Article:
Why is it that we are so interested in the lives of servants? Quite a high percentage of visitors to Calke Abbey have a polite and passing interest in the Harpur Crewe’s, but what they really want to know about is the servants. How many there were. What their jobs entailed and how they were treated. I think it is because so many of us can relate more easily to a person who has had to work hard for a living, rather than one of privilege, who lived a life of luxury.
I have been researching the servants at Calke for about four years now and it has been a real journey of discovery, uncovering stories of joy and sadness, tragedy and success. I hope to share some of these with you in the coming months, but first let’s look at how the whole servant thing worked.
The size of the house, in part, dictated how many servants were employed. Calke, in the nineteenth century, had an average of thirty indoor servants (those that worked in the house including the head gardener, coachman and groom.) Of course, the more money that was available, the more servants you could afford. On top of these ‘indoor’ servants, there would be about eleven gardeners, about ten full-time gamekeepers, stableyard workers and estate workers. All the staff and the financial running of the house and estate was organised by the House Steward, usually an educated man with experience in keeping accounts, although Charles Palmer, who was Steward at Calke for over 40 years, was first employed as a Gamekeeper in 1831 and then was made Bailiff and Steward in 1839. He would deal with all the hiring and firing of the servants.
A question that always intrigued me was how servants got their jobs. We are very lucky at Calke that the family are famous for not throwing anything away. Being a hoarder is generally thought of to be a bad thing, but I, for one, am very glad that the Harpur Crewe’s had that particular character trait because it means that in the Archive at Derbyshire Record Office I have been able to search through hundreds of servant’s letters of application and character references, even for servants that I have yet to find actually got the job.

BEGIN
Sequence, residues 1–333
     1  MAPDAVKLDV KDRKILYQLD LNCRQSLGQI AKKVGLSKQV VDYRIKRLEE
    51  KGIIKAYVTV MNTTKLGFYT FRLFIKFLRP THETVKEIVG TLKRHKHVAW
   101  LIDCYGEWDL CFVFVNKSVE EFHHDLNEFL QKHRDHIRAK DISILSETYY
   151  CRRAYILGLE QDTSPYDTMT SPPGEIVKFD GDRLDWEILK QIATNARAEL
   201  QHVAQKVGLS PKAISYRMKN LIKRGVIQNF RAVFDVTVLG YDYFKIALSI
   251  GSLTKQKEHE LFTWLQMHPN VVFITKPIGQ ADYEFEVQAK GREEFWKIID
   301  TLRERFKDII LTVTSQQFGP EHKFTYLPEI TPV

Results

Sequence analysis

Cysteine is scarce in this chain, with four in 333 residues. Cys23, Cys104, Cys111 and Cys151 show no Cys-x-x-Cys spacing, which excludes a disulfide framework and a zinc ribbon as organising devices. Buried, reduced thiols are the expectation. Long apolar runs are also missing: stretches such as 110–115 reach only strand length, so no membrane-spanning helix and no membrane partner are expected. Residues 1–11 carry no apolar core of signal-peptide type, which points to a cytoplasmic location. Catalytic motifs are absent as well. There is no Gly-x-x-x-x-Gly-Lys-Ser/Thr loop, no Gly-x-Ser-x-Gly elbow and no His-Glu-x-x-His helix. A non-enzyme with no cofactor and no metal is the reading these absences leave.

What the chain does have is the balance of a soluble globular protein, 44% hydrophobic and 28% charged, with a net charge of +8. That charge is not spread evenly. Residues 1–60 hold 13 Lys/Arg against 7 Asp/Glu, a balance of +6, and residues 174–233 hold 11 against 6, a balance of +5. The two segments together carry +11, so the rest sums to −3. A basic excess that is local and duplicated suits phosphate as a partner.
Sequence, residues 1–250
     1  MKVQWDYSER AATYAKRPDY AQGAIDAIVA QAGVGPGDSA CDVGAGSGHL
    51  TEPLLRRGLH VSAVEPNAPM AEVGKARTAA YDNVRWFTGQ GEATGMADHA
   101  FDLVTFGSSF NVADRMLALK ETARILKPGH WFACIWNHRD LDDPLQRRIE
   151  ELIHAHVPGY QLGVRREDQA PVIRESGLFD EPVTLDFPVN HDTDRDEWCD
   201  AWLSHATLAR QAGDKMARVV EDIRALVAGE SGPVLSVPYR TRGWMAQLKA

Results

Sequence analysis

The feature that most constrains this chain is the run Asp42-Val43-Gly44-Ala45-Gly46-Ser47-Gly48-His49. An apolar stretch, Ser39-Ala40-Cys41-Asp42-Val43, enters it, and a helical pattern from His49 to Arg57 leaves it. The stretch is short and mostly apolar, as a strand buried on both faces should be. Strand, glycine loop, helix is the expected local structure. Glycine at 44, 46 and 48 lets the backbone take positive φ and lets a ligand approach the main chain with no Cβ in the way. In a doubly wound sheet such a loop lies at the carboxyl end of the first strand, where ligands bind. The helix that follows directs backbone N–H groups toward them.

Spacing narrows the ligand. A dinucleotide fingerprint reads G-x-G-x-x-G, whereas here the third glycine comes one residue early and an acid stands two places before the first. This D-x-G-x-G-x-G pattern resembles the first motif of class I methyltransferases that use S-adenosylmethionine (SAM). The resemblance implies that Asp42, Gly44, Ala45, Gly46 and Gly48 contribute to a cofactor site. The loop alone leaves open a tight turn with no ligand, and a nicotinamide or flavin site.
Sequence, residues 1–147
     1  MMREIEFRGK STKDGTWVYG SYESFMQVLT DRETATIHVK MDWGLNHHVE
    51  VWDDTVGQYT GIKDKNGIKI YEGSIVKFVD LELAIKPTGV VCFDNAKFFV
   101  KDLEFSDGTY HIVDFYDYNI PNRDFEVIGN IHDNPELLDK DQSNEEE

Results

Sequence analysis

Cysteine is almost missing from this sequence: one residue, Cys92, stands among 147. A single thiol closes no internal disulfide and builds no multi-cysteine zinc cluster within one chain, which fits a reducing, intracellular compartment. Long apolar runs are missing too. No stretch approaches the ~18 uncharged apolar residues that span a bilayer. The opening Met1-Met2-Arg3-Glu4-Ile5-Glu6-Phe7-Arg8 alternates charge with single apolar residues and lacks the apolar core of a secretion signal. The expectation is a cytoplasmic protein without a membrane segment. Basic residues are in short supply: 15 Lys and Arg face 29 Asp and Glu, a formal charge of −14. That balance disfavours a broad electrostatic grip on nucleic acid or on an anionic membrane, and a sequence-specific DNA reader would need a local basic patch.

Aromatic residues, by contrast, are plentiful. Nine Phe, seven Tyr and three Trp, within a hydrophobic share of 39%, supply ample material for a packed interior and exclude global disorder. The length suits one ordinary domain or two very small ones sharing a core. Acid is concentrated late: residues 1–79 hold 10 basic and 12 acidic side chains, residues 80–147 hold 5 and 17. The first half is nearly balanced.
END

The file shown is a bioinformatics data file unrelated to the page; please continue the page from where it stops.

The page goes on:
The most important thing to getting a job was the character reference. Without one it would be almost impossible to get a ‘place’. Young boys or girls getting their first job would most likely apply for a place locally, so that the local vicar, or another such person of standing in the village, could write a character reference for them on their knowledge of them and their family. Once on that ladder though, it would be their employer who would then write the reference if they wanted to move. Surprisingly, servants did move around an awful lot, very often long distances. So how did they find out what jobs were available?
One of the most popular ways was using a Servant Registry. This was an office which matched servants with the people needing servants. These registries were all over the country (there were at least three in Derby) and servants could write to any of them requesting a job. Houses like Calke who needed servants paid a monthly fee to selected offices for their help in obtaining suitable servants from their books. Calke used Ann Moseley’s Servant Registry in Derby and also Samuel Bull’s, also in Derby.
Servants might apply for another job for all sorts of reasons. They just felt like a change, maybe they weren’t happy in their current place, they wanted to move nearer to home, or they wanted promotion. It was rare for a servant to be promoted ‘in-house’, mainly because it could be difficult when given a sudden position of authority over friends and colleagues you had been previously working alongside. So, a servant would write to a Registry Office with details about themselves, their experience and what job they were looking for. This was all free, so many wrote to several registry offices to increase their chances. Meanwhile, establishments like Calke would get in touch when they needed to replace a servant, giving their requirements. Ann Massey, for example, would then match their request with a servant on their books and put the two in touch with one another. If the servant got the job, then he or she would pay the Office two shillings and sixpence.
They could, of course, bypass all this and advertise directly in the newspapers (both the servants and the employers). You can find pages of these adverts in nineteenth-century newspapers.
Over the next few months, I shall write about the strict hierarchy in the household and tell some individual stories from Calke including tragedy, the stigma of illegitimacy, tales of romance and other fascinating stories.
Next article Servant Hierarchy.